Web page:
Viking is ‘forefather to British royals’

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A joint Norwegian-French investigation hopes to reveal that Norwegian Viking noble Ganger Hrólf was the same person as Rollo, the first Duke of Normandy – and the forefather of the British royal family.

Rollo as depicted in the town of Falaise. PHOTO: Michael Shea / Wikipedia Commons

Rollo, sometimes known as Robert I, is estimated to have lived between 846 and 931 AD, and was the first ruler of a Viking settlement in France that later became Normandy. His direct descendants became the British royal family after the Norman invasion of Britain in 1066, when Rollo’s great-great-great-grandson, William the Conqueror (William I of England), successfully conquered England. William the Conqueror’s direct descendants include current Queen Elizabeth II.

Danish or Norwegian?
Danish and Norwegian historians have long debated whether Rollo came originally from Denmark or Norway. Accounts by Dudo of St. Quentin and others name Rollo as the son of a Danish king, while many Icelandic and Norwegian sagas equate Rollo with Ganger Hrólf (Hrólf the Walker), the son of a Norwegian earl from Sunnmøre in west Norway. Ganger Hrólf (written as Gange-Rolv in Norwegian) is believed to have become an earl of Normandy after conflict with Harald Fairhair, also known as the first king of Norway. A statue of Rollo by a French sculptor was given to the west Norwegian city of Ålesund in 1911, when debate between Norwegian and Danish historians first raged, during celebrations of 1000 years since the founding of Normandy.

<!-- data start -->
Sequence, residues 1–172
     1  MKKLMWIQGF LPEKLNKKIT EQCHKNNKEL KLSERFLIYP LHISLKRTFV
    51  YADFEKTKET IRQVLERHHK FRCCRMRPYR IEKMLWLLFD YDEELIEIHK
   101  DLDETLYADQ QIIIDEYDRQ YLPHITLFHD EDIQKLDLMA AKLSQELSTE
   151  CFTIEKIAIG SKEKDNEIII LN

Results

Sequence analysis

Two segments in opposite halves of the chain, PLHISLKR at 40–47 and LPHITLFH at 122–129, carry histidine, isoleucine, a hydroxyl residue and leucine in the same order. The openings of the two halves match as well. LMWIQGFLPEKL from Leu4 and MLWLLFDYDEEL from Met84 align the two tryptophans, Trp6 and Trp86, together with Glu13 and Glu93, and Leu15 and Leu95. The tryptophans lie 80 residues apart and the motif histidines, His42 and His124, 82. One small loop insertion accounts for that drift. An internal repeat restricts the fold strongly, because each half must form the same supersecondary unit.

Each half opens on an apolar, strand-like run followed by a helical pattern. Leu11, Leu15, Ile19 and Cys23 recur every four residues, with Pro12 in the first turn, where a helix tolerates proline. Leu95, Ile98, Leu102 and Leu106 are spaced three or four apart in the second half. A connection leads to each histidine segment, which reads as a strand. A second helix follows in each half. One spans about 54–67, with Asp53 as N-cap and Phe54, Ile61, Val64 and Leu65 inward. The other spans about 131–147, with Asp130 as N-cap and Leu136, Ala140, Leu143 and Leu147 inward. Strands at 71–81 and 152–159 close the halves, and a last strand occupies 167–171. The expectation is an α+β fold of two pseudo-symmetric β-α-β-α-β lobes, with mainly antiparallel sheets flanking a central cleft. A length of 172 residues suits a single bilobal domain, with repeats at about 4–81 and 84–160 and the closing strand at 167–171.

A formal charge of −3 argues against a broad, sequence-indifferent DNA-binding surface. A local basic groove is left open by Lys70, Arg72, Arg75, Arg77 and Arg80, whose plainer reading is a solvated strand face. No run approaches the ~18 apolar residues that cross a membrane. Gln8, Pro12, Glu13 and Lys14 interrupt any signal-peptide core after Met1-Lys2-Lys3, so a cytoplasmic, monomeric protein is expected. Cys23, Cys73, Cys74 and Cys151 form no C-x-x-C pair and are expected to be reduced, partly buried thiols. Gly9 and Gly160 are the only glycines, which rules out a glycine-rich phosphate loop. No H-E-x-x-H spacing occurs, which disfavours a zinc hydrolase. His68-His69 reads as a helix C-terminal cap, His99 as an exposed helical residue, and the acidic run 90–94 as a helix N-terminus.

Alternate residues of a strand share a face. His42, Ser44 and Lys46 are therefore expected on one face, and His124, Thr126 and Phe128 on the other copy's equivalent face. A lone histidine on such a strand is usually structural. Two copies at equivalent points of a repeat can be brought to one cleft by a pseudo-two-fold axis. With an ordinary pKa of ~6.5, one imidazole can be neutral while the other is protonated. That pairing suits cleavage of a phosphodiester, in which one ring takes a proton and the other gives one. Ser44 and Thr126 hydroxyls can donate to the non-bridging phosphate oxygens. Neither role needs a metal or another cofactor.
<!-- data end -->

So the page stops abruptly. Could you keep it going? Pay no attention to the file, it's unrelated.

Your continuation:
Newspaper Aftenposten reports that French and Norwegian researchers now hope to prove that Rollo was indeed Ganger Hrólf. They plan to use DNA samples from Rollo’s grandson and great grandson, Richard I and Richard II respectively, to find out for certain, as no remnants of Rollo himself are available. As Danish and Norwegian Viking kings had separate familial lines, it is hoped that the research will clear up the mystery of Rollo’s origin.

‘Large French-Norwegian collaboration’
The investigation itself has been in doubt over uncertainties as to whether French authorities would allow the opening of Richard I and Richard II’s crypts, which are found at a Benedictine monastery in Fecamp on the north coast of France. The Norwegian consulate in Paris has been involved in negotiations. A researcher with research foundation Explioco, Sturla Ellingvåg, told Aftenposten that “we reckon that the eventual opportunity to find Rollo’s DNA is good” after discussions with French authorities. Ellingvåg, who is working with Professor Per Holck from the Anatomical Institute at the National Hospital in Oslo among others, added that “we had extremely positive meetings with the local authorities in Rouen and Fecamp” and look forward to “a large French-Norwegian collaboration.”

The researchers now await an approval process that could last a month. In anticipation of a positive answer, the Norwegian team is planning to travel to France “in the first half of July,” and hope to finish their work by the end of September, before the marking of Rollo’s 1100-year anniversary and the establishing of Viking settlements in Normandy.

Views and News from Norway/Aled-Dilwyn Fisher
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